There are even lathes that only have a speed control knob or lever and no step pulley system to fiddle with. This is the case of my small lathe. I find this system very convenient but it is not commonplace.
The Tool Rest
Wood lathes have a built-in tool rest. It is an essential component for any type of turning. It would indeed be neither safe nor efficient to move a turning tool directly into the moving workpiece without any other support than what is provided by the hands of the user. The turning tool would then be very hard, not to say impossible to control.
Because of this, when using his lathe the turner should put the turning tool against the tool rest while holding it firmly but not too tightly.
The tool rest post is inserted into a component of the lathe named the banjo. This banjo can slide horizontally on the wood lathe bed and be locked in place with the help of a lever. The tool rest height can also be adjusted by sliding its post and then locking it in place with another lever located at the top of the banjo. The tool rest angle can also be set in any direction as long as it doesn’t bump into the workpiece or other parts of the lathe.
The tool rest has to be positioned as close as possible to the workpiece without bumping into it when it rotates but also without supporting the turning tool by its edge. In either case, the tool rest must be moved further away.
After having positioned the tool rest, a complete revolution of the workpiece must be made by hand in order to be sure it won’t bump into the tool rest.
The tool rest has to be brought closer to the workpiece from time to time as material is removed with the turning tool, which makes the diameter of the workpiece shrink in size. If the tool rest is positioned too far from the workpiece at any point during the turning process it may cause vibrations which, in turn, can make the turning tool leave undesirable tool marks on the workpiece.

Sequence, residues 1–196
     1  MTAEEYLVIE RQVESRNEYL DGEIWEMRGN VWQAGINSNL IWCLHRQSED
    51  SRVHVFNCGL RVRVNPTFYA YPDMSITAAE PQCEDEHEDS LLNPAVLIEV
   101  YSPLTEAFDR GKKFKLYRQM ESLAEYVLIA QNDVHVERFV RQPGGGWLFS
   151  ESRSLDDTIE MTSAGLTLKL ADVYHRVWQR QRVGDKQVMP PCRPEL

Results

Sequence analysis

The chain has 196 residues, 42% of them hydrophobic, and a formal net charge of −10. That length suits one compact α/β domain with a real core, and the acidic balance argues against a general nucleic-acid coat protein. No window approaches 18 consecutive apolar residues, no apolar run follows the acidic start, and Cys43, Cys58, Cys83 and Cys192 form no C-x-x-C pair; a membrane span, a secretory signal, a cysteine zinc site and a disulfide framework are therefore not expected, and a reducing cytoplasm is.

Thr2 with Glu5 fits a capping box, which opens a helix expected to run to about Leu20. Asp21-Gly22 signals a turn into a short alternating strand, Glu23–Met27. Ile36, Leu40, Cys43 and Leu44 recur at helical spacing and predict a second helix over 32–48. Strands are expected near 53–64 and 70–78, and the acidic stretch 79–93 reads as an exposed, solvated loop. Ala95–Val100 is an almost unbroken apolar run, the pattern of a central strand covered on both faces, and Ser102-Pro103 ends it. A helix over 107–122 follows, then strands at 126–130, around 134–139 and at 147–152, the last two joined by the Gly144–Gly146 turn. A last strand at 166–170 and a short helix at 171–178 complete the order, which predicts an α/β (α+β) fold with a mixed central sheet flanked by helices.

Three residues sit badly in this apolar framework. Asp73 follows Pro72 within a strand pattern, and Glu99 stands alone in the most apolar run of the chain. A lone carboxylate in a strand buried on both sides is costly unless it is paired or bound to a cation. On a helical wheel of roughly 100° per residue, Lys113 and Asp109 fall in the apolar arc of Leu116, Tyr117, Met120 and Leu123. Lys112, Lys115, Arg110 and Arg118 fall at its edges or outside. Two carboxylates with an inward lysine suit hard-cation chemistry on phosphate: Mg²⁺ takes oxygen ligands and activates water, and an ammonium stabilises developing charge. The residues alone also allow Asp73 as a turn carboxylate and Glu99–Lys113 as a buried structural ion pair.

As for the tool rest height, it most often has to be adjusted so the edge of the turning tool makes contact with the centre of the workpiece. This principle implies that the optimal height of the tool rest varies with respect to the tool used and the angle it is held in.
Il est possible d’acheter des supports d’outil supplémentaires pour son tour. Ils viennent dans une variété de grandeurs et de formes destinées à des besoins de tournages différents. Il faut dans ce cas s’assurer d’acheter un support d’outil dont la base sera compatible avec l’ouverture de la semelle. En Amérique du Nord, les tours mini seront typiquement compatibles avec une base de support d’outil de 5/8 de pouce tandis que les tours midi récents et les tours d’atelier seront généralement compatibles avec une base de support d’outil de 1 pouce. Les modèles plus anciens de tours midi seront peut-être quant à eux compatibles avec une base de 5/8 de pouce.
For the Lord God is a sun and shield; the Lord bestows favor and honor; no good thing does he withhold from those whose walk is blameless. Psalm 84:11